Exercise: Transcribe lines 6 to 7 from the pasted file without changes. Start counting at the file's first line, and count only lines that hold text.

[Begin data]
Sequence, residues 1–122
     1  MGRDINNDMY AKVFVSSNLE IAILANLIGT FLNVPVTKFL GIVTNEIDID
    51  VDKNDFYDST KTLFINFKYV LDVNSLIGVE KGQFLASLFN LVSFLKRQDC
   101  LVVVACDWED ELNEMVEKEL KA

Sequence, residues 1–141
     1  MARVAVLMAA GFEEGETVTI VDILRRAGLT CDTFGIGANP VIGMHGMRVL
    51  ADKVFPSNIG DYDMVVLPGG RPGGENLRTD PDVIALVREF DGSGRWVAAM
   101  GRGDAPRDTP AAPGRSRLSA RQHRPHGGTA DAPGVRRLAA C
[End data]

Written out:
     1  MARVAVLMAA GFEEGETVTI VDILRRAGLT CDTFGIGANP VIGMHGMRVL
    51  ADKVFPSNIG DYDMVVLPGG RPGGENLRTD PDVIALVREF DGSGRWVAAM